Posted by: Editor LNAV | January 29, 2009

What Ails The Cyber Security Of India

Effective cyber law and cyber security capabilities are two essential components of a sound techno-legal regime of any nation. In India we have none. India must seriously consider the requirements of cyber security and a sound cyber law. The cyber security strategies of India are not conducive for a sound business environment in India. The cyber security trends in India 2007 and further trends like cyber law trends in India, 2008, etc proved the absence of good cyber security practices in India. Similarly, the wireless security in India requires immediate measures to be taken by the Indian government. The wireless and convergence laws in India are not adequate and up to the mark. Absence of a strong cyber law and cyber security in India is just one side of the story. Privacy and trust in digital life is very important for e-governance and e-commerce to succeed in India. Data protection law in India would be directly challenged in the near future the moment privacy and data rights in India take the front seat. Social engineering techniques are seriously prejudicing the trust and security in digital life in India.

 

According to Praveen Dalal, the Leading Techno-Legal Specialist of India, “Cyber security can be defeated by both “technical flaws” as well as by “narrow minded approach” of the regulators. The most obvious and destructive method of cyber insecurity is faced in the form of “human element”. The human aspect is the “weakest link” in the security chain. The “social engineering techniques” coupled with “technical flaws” in the operating systems, applications, web servers, etc can defeat any security framework. The only option seems to be to fight fire with fire and poison with poison. To deal with sophisticated cyber criminals we must have hackers (not crackers) on our side. The Governmental mentality must be changed in this regard and they must seek help of all those who can help. We must adopt a “Global Cyber Security Agenda” where the expertise and suggestions of experts from all over the World can be utilised. From the gathered inputs, we must come out with a draft of “International Cyber Law Treaty”.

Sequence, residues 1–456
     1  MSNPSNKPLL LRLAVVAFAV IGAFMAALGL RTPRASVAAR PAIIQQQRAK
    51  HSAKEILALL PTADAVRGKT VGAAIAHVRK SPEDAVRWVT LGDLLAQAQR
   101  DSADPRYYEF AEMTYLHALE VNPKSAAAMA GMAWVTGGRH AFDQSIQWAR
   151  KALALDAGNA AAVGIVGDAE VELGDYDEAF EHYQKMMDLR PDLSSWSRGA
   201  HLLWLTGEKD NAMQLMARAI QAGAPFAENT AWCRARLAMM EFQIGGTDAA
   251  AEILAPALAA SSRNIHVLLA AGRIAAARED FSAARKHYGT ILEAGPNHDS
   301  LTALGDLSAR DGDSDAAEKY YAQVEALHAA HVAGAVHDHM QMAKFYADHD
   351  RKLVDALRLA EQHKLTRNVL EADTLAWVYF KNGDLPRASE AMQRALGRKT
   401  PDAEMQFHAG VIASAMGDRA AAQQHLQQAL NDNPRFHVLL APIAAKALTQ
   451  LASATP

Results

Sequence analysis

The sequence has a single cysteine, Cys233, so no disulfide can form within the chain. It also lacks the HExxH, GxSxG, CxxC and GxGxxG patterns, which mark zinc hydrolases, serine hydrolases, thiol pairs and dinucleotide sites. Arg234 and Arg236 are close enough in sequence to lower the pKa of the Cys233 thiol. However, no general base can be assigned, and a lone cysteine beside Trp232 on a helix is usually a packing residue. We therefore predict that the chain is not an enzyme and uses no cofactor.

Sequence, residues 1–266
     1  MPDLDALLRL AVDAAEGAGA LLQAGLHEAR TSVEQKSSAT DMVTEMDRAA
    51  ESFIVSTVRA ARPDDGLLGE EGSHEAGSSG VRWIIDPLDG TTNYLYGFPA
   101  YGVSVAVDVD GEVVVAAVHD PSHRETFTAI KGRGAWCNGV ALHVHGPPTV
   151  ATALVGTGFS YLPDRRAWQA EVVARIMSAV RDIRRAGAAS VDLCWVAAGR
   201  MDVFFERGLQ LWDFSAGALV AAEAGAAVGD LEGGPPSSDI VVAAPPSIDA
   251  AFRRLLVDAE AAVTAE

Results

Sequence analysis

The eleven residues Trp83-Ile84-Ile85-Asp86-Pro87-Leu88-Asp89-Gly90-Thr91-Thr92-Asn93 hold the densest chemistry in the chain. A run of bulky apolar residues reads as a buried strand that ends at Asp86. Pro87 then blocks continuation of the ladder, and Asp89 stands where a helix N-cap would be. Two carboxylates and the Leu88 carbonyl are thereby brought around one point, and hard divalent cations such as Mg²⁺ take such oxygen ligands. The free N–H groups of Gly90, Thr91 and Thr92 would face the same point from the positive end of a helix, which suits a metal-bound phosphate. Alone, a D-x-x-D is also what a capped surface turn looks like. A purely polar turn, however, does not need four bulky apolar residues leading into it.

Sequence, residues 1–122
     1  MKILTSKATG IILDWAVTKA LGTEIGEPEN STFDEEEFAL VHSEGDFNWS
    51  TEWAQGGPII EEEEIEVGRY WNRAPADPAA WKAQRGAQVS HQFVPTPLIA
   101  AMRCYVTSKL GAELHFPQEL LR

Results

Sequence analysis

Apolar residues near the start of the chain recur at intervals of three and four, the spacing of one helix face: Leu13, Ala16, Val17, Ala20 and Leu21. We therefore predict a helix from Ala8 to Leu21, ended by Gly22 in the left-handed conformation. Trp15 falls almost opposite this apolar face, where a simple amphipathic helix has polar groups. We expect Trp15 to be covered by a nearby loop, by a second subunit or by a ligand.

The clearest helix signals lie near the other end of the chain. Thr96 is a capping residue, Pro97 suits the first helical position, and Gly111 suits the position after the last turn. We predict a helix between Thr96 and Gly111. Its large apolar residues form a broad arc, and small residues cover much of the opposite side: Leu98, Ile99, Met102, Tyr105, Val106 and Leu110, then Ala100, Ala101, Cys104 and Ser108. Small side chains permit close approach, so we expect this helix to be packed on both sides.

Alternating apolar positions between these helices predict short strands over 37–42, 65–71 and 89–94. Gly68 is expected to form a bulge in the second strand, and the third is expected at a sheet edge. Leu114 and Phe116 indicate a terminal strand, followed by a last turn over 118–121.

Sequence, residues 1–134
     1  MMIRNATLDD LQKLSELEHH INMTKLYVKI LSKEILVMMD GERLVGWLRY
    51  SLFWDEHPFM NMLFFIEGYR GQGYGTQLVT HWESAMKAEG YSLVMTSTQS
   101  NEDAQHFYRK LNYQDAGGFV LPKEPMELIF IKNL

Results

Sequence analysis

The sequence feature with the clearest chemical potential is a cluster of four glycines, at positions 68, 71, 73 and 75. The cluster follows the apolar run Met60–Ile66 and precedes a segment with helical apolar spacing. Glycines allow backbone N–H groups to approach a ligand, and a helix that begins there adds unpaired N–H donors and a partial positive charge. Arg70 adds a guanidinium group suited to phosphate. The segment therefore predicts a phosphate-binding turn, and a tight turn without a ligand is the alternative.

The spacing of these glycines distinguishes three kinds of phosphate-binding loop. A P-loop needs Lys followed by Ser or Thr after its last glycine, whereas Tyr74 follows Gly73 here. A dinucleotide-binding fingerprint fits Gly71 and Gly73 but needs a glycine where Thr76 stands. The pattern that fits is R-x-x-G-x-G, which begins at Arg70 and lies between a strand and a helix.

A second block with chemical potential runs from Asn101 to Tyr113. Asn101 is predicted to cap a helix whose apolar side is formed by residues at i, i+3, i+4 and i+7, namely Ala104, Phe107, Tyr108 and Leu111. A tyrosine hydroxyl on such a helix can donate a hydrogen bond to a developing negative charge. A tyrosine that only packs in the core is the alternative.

In the larger interest of India, the government must act seriously now. The way in which the IT Act, 2000 (Amendment Bill), 2008 was passed by the legislatures of India is not only undemocratic but also a glaring example of non-application of mind. There must have been a debate or discussion before passing such an important Bill. However, the legislatures had no time for that and by a simple voice vote the fate of crores of Indian were decided, violating their basic Human Rights and Fundamental Rights. To aggravate the matter further, till now a copy of the same has not been made available to the public for scrutiny and analysis by either the Department of Information Technology (DIT) or Government of India. It is high time that India must concentrate upon a sound cyber law and capable cyber security.

 

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